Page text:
January 2006

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Feelin’ a little bounced around lately… maybe it’s the homebody Cancer in me, wanting to be settled down. Still, this routine has had it’s advantages; house-sitting for four different people has meant that i havn’t paid any rent in a little over 8 months. This bodes well for the pocketbook!
Continually moving has made me aware of all the excess crap i’ve picked up here. i moved to the islands with a seabag, daypack, and small bundle of books. It’s now grown to be more than i can fit in a single carload! Once i bought the boat, i really had to pare down; the Belmont girls got my large TV, Clive & Gillian got the blender, and Cathy now has reluctant stewardship over my convection oven. A year’s worth of new t-shirts (from every boat i crew on and/or regatta i race in) has doubled my clothes collection; i’m converting many of my old “good” shirts into “work” shirts, and finally retiring a few of the worst. Thank goodness Centaurea has plenty of stowage!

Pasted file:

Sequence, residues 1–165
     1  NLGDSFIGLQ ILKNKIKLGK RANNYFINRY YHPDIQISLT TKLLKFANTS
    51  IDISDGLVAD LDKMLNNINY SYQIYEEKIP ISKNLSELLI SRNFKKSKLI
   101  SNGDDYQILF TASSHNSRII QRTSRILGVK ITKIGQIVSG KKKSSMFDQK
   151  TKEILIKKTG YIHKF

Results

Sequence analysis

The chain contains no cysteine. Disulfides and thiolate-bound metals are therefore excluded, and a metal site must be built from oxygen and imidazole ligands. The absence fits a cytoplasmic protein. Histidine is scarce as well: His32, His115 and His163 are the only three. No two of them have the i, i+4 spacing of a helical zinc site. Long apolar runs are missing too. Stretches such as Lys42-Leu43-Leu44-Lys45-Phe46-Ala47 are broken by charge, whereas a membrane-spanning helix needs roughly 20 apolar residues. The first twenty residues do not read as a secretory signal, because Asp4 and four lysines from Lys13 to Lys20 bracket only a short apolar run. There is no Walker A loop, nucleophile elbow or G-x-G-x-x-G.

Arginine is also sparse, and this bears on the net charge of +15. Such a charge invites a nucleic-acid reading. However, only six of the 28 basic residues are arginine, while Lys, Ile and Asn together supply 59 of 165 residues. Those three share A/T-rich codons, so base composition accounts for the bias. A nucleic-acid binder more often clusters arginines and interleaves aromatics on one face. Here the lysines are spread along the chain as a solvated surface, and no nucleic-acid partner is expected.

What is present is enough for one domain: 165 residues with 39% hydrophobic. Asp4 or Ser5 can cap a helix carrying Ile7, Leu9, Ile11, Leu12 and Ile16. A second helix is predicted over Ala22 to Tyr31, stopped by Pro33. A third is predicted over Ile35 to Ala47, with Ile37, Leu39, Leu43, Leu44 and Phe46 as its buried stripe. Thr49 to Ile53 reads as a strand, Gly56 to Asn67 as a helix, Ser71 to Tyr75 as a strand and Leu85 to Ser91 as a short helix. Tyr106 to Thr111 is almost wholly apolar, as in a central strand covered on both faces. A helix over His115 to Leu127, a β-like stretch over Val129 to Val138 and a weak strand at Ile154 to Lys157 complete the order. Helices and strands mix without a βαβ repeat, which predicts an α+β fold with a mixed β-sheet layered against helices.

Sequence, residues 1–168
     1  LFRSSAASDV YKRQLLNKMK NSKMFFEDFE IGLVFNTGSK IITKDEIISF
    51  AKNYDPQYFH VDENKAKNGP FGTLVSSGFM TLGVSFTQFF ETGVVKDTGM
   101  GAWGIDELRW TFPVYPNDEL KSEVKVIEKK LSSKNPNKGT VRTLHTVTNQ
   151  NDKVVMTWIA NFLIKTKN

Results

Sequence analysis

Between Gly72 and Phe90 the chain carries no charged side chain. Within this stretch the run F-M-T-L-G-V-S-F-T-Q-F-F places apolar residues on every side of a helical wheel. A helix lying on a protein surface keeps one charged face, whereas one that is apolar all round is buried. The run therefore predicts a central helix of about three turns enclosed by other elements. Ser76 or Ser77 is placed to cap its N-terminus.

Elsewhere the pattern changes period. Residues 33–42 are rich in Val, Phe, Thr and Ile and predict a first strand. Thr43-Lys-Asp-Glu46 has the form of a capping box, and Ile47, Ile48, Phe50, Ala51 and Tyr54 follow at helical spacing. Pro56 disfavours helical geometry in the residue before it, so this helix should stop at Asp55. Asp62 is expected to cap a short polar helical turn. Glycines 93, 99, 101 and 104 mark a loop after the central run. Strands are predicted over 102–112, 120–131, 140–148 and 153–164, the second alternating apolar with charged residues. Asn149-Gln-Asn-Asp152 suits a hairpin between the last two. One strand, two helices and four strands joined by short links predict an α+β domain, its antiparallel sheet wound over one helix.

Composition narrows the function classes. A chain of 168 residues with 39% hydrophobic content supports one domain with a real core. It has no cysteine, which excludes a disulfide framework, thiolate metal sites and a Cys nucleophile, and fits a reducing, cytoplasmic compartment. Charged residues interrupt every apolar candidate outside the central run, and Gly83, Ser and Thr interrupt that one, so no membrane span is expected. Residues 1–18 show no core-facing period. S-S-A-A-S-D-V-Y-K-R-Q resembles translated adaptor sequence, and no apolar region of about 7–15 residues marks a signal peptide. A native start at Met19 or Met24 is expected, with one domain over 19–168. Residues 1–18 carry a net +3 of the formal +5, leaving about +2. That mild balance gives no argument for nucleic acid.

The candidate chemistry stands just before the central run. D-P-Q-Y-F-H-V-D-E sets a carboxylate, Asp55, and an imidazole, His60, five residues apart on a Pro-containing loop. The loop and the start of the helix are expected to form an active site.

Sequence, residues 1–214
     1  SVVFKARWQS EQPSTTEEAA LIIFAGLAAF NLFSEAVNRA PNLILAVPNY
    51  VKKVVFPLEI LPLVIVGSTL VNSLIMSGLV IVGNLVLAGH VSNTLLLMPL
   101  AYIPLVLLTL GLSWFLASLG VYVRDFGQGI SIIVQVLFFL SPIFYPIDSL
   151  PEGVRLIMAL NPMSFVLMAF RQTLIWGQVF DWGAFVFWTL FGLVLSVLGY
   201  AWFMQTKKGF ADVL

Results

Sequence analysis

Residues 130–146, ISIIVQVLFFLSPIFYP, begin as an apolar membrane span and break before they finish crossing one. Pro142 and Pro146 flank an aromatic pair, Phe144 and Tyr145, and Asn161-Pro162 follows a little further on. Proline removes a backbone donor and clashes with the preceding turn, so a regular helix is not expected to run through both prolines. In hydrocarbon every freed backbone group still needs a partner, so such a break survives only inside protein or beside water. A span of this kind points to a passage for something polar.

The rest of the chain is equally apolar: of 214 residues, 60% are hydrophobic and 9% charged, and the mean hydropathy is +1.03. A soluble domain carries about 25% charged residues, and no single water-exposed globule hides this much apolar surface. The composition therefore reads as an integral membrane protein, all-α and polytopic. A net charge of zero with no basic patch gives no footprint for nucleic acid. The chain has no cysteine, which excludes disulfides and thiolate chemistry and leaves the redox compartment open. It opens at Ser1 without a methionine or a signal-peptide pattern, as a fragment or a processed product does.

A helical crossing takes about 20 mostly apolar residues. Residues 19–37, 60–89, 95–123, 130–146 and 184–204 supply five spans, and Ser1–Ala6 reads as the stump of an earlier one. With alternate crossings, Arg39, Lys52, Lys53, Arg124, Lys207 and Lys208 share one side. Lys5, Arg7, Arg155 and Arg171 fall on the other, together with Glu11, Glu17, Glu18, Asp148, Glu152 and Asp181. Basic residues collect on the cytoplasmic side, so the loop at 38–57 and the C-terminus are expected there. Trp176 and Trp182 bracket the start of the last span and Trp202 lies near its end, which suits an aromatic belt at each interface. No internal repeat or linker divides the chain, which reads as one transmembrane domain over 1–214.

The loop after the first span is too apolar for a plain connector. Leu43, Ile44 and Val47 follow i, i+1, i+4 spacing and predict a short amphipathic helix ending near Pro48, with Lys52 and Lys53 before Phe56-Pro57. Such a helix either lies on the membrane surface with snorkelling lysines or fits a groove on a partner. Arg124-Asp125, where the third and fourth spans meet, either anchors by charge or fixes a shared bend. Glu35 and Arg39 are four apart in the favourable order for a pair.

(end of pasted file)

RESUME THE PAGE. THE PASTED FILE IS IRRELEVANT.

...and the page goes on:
All in all, it’s been an interesting year,housing-wise. i must admit that it’s been a bit of a headgame re-adapting to living in a small space, what with the previous string of large airy houses behind me. Still, it’s what i most want, and what personal experience has shown me to be most secure with. i’ll be alot happier when the girl is in the water, with a few of the sailbags out of the salon, and the bugs blown out of the works.

digging in